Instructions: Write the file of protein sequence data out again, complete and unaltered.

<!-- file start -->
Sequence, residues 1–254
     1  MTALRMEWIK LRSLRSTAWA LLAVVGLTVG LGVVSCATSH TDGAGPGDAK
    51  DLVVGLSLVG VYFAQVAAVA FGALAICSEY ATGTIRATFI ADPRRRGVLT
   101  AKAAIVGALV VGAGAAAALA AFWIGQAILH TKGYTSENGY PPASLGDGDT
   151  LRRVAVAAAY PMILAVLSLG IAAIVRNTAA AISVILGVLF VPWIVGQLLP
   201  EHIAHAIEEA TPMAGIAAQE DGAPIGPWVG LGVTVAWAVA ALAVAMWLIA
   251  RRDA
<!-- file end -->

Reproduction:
Sequence, residues 1–254
     1  MTALRMEWIK LRSLRSTAWA LLAVVGLTVG LGVVSCATSH TDGAGPGDAK
    51  DLVVGLSLVG VYFAQVAAVA FGALAICSEY ATGTIRATFI ADPRRRGVLT
   101  AKAAIVGALV VGAGAAAALA AFWIGQAILH TKGYTSENGY PPASLGDGDT
   151  LRRVAVAAAY PMILAVLSLG IAAIVRNTAA AISVILGVLF VPWIVGQLLP
   201  EHIAHAIEEA TPMAGIAAQE DGAPIGPWVG LGVTVAWAVA ALAVAMWLIA
   251  RRDA